In this 2008 file photo, children whose parents support state tax vouchers to send them to private and parochial schools demonstrate outside the Arizona Supreme Court. Arizona now has a voucher-like program called empowerment scholarship accounts. (Capitol Media Services photo by Howard Fischer)

Capitol Media Services photo by

Changes to Arizona’s pseudo-voucher program will mean one in five public school students will qualify when applications open next spring.

And the release of school grades last week revealed — indirectly — some of the newest students who may seek the funding.

“Empowerment scholarship accounts,” also called educational savings accounts, were approved two years ago by lawmakers. They provide students who qualify with funds worth up to 90 percent of what a public school would receive to educate them. In return, students must agree to leave public schools.

The funds can pay for educational services such as private school tuition or tutoring. The money can also be put away for post-secondary education.

Originally, the funds were set up for special education students attending public schools. Last spring, lawmakers expanded the program to children in permanent foster care, children of active military members and students who attend failing public schools — those that receive a D or an F from the state.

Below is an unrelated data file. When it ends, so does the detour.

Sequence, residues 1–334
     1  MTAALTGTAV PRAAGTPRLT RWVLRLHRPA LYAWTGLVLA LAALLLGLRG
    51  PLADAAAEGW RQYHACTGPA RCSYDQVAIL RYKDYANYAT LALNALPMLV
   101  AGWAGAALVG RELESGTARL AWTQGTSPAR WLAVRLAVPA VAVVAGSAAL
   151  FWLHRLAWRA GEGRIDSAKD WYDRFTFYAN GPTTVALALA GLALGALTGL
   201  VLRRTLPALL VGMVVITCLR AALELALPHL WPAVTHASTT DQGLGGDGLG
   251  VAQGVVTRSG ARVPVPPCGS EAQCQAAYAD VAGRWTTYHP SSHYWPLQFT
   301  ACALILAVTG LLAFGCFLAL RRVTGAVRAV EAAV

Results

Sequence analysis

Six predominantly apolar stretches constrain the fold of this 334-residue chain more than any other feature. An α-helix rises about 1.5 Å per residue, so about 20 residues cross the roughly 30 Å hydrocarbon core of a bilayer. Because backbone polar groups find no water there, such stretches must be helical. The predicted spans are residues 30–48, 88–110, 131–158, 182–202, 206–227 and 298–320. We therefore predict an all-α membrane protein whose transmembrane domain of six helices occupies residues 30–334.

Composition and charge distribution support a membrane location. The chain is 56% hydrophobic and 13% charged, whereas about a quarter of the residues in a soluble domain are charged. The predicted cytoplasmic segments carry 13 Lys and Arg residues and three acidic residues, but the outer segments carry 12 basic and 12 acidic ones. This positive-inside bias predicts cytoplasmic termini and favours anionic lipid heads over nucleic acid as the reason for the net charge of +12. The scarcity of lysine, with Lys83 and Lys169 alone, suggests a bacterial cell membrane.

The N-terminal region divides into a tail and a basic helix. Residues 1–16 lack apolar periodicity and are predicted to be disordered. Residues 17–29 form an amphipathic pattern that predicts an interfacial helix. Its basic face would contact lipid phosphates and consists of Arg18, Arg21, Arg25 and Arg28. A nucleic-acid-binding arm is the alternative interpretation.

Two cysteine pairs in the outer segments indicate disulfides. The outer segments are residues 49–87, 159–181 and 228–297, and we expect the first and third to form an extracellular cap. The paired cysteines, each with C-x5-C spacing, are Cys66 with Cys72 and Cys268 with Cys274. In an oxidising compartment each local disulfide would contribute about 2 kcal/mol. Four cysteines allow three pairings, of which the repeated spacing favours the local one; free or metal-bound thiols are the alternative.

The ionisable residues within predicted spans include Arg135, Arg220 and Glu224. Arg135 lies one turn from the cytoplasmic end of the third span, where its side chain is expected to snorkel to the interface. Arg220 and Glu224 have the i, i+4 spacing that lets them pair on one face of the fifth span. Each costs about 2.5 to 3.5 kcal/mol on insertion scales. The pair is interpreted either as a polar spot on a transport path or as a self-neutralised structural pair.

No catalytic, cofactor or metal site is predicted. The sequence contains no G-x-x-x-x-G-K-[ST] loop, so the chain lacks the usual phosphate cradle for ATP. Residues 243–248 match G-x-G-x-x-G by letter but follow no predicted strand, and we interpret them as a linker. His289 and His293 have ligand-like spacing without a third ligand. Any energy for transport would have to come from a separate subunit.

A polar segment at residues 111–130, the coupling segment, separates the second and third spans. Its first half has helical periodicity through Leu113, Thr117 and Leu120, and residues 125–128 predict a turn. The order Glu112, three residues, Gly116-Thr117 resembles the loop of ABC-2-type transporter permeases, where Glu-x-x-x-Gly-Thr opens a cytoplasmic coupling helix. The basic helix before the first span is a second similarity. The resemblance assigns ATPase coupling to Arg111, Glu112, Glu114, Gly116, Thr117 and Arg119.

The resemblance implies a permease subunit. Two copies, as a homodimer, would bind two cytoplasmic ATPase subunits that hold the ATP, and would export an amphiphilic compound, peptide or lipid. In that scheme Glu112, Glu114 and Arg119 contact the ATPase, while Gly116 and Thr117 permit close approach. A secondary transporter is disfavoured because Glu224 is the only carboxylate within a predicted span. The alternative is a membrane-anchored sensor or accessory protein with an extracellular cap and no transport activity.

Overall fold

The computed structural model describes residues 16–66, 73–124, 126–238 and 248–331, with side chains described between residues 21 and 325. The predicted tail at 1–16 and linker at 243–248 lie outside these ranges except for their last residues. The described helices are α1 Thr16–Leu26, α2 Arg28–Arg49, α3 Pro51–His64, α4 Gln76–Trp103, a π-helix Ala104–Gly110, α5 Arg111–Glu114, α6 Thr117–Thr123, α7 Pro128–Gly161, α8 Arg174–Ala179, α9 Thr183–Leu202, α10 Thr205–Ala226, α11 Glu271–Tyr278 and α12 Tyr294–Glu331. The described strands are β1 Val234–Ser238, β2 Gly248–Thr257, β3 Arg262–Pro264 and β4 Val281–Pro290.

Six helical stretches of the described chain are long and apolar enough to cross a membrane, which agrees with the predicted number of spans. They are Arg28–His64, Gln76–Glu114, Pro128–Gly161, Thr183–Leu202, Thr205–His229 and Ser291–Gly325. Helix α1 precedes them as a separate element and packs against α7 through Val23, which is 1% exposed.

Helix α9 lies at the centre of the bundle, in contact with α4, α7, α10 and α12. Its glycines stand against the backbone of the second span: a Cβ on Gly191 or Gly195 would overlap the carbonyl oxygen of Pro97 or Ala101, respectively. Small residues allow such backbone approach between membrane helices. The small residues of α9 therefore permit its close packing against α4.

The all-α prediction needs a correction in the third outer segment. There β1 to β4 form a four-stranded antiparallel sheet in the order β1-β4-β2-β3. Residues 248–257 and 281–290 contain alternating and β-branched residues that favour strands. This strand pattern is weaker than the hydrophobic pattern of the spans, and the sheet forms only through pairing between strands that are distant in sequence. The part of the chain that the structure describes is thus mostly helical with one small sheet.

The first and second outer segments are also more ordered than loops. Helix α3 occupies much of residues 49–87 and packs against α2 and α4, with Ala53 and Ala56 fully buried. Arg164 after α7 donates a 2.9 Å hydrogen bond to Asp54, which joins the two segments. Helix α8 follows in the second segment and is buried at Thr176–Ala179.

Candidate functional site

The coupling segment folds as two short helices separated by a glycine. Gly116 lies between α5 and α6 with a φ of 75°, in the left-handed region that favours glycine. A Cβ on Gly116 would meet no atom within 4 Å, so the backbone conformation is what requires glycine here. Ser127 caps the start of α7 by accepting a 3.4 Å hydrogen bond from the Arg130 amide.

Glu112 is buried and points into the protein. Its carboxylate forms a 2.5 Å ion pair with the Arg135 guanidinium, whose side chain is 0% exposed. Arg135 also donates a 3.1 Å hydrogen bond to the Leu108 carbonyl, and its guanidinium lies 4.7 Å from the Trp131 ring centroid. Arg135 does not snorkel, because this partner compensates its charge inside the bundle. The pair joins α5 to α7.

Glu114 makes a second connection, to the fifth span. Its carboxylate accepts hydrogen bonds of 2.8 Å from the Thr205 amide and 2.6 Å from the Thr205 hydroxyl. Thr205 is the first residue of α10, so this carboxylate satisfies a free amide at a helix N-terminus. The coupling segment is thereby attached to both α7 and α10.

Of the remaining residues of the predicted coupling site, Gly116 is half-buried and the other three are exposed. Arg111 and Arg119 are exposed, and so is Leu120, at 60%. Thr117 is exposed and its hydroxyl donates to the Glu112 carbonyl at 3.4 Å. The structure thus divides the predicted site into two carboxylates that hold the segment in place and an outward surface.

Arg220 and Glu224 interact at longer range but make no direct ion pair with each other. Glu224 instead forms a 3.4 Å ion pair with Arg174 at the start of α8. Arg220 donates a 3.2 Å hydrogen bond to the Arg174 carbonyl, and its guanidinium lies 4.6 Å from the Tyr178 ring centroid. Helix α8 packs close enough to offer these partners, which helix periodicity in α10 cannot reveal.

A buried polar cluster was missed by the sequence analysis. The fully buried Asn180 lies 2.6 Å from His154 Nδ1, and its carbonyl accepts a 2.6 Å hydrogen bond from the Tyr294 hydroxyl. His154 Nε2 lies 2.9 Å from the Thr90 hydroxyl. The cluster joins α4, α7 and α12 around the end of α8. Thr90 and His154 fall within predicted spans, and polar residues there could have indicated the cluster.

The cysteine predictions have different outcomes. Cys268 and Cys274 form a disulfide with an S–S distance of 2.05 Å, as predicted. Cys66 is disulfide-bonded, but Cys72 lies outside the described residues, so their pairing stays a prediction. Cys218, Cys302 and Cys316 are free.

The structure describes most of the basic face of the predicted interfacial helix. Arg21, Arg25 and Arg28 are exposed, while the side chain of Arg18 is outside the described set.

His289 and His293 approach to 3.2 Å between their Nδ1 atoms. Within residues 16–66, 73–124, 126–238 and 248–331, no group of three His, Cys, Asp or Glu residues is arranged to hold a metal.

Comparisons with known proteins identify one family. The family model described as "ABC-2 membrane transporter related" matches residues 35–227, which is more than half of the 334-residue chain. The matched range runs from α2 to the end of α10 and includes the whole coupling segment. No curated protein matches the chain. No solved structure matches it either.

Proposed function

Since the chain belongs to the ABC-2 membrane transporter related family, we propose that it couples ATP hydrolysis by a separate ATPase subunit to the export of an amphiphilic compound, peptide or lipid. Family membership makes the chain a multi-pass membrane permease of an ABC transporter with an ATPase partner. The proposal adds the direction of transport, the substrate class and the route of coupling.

Last Thursday, the state released those school grades and more than 150 schools in Arizona received a D. Schools with Fs have not been identified yet.

Aiden Fleming, the program administrator for the state department of education, estimates one in five public school students now qualify for the empowerment savings accounts.

“There are approximately 117,000 special needs children, 90,000 children attending D and F schools and 13,000 in permanent placed foster care (unverified by our department),” Fleming wrote in an email. There also are an unknown number of children of active duty military, he said.

“With at least 200,000 children eligible for the program that captures about 1 in 5 Arizona students,” he said.

Applications for this school year were processed over the summer. For next school year, applications will be available in the spring.

This year, the second year of the program, there were 307 active educational savings accounts as of late July, with another 20 to 30 pending because of late paperwork, Fleming said.

The highest award this year was $28,685. The lowest was $2,185.06. The average award was $16,699.60, Fleming said.

Previously, there were two application seasons — fall and spring. But with the adoption of the changes, there will only be one now, Fleming said.

For more information about the voucher-like program, visit online.

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